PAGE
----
Estimating the extent of reporting to FDA: a case study of statin-associated rhabdomyolysis

Authors

  • Mara McAdams MS,

    Corresponding author
    1. Office of Surveillance and Epidemiology, Center for Drug Evaluation and Research, Food and Drug Administration, Silver Spring, MD, USA
    • Office of Surveillance and Epidemiology, Food & Drug Administration, 10903 New Hampshire Ave, Bldg 22, Mailstop 4447, Silver Spring, MD 20993-0002, USA.
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  • Judy Staffa PhD RPh,

    1. Office of Surveillance and Epidemiology, Center for Drug Evaluation and Research, Food and Drug Administration, Silver Spring, MD, USA
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  • Gerald Dal Pan MD MHS

    1. Office of Surveillance and Epidemiology, Center for Drug Evaluation and Research, Food and Drug Administration, Silver Spring, MD, USA
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  • No conflict of interest was declared.

  • The opinions expressed are those of the authors and do not necessarily represent the views of the FDA or the US Government.

Abstract

Purpose

To estimate the extent of reporting to FDA through statin-associated rhabdomyolysis data.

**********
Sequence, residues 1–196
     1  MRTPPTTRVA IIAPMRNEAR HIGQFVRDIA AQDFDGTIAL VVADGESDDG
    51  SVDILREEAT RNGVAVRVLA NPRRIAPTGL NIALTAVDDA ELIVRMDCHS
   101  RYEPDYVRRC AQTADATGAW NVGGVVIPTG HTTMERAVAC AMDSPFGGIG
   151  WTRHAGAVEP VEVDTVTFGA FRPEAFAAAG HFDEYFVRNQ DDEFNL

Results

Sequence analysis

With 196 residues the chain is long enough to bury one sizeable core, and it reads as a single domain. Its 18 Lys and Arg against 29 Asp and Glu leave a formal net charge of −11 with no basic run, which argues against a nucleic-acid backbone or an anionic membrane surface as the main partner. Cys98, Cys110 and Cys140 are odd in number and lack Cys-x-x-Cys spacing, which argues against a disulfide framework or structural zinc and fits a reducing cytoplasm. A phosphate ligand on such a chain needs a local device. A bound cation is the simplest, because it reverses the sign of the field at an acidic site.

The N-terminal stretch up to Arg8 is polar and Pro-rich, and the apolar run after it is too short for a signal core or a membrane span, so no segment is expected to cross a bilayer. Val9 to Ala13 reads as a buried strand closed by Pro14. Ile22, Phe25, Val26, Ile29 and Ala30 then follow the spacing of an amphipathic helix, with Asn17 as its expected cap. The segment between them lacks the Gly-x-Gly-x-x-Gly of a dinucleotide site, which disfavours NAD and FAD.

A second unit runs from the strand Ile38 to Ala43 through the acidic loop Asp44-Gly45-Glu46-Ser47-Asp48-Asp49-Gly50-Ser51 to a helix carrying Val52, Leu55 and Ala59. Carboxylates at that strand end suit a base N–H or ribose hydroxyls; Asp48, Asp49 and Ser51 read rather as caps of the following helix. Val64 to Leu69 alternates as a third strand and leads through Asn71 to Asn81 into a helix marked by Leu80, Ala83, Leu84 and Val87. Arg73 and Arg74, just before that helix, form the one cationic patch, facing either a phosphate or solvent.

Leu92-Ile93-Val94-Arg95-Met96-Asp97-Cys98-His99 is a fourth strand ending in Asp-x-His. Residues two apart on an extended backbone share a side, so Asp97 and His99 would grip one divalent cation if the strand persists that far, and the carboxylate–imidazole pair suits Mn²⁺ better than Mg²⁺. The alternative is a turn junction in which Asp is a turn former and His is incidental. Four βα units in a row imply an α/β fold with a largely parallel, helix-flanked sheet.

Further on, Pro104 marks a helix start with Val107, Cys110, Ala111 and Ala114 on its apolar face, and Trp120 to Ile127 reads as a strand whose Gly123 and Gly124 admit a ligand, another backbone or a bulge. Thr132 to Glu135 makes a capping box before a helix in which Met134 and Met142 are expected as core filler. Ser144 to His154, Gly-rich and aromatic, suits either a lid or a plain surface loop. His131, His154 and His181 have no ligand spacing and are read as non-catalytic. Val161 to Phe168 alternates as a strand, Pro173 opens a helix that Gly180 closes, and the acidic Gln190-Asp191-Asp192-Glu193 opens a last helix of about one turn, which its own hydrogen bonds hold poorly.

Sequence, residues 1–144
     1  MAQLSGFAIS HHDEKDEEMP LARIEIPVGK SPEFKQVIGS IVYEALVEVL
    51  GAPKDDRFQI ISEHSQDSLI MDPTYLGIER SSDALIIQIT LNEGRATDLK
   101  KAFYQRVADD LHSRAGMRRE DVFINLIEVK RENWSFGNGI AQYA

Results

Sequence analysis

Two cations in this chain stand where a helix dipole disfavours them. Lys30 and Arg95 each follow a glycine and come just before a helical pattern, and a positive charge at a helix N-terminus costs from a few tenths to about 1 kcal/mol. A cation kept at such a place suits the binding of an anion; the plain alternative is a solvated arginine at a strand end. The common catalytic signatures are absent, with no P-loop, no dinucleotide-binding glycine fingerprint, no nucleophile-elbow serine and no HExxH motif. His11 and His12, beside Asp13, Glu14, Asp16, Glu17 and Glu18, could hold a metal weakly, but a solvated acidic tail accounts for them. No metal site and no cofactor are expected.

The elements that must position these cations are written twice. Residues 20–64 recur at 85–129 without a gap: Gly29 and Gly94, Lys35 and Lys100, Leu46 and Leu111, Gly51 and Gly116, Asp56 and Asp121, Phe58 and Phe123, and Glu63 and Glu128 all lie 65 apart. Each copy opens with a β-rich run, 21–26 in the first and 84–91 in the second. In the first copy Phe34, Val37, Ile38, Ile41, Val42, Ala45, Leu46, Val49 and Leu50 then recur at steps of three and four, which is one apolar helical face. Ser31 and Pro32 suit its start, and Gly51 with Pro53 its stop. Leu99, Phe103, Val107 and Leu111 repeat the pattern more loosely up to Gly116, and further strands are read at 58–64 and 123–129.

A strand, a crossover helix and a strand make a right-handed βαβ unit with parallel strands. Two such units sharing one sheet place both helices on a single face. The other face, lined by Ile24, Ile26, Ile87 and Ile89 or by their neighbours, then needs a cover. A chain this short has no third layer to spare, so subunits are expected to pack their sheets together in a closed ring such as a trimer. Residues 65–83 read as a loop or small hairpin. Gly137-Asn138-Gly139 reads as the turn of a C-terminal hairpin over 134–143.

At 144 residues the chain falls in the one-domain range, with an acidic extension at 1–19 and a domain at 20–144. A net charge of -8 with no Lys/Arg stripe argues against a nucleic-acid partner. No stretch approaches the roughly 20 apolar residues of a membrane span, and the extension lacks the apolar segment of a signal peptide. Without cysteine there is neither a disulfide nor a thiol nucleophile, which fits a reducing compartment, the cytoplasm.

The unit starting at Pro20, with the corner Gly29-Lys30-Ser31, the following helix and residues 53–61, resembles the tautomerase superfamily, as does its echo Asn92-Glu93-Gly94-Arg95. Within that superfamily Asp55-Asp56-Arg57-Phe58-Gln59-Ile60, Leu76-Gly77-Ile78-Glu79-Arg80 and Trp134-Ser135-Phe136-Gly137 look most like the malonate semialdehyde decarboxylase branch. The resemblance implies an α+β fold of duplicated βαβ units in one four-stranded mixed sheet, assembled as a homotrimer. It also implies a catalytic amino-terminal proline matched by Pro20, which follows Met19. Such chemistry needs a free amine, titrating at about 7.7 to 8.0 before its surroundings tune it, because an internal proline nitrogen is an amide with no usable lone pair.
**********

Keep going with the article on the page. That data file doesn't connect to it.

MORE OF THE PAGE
Methods

Data included incidence rates (IRs) of hospitalized rhabdomyolysis among statin users from a population-based study, and comparable reported AERS cases and national estimates of statin use from an AERS analysis. Using IRs, national estimates of statin use and average days supply per prescription, we estimated the number of US statin-associated cases of hospitalized rhabdomyolysis. We compared this estimate to the observed number of cases reported to FDA to evaluate the extent of reporting. We repeated this method for atorvastatin, cerivastatin, pravastatin, and simvastatin and statin combinations. We performed sensitivity analyses to check for biases such as misclassification of statin use and cohort selection bias. We evaluated potential time-dependent cerivastatin reporting by a “Dear Health Care Provider (DHCP)” letter.

Results

The estimated extent of reporting to FDA varied by statin (atorvastatin, 5.0%; cerivastatin, 31.2%; simvastatin, 14.2%; all four combined, 17.7%; and non-cerivastatin statins combined, 9.9%). No pravastatin-associated cohort cases occurred. Across a reasonable value range, sensitivity analyses did not significantly alter the results; overall the cohort was similar to national statin-users. There was a large increase in AERS reports after the cerivastatin DHCP letter and the estimated extent of reporting increased from 14.8 to 35.0%.

Conclusions

The extent of reporting of adverse events to FDA varied by statin and may be influenced by publicity. For statins-associated rhabdomyolysis, the estimated extent of reporting appears to range from 5 to 30% but in the absence of stimulated reporting appears to be 5–15%. Copyright © 2008 John Wiley & Sons, Ltd.

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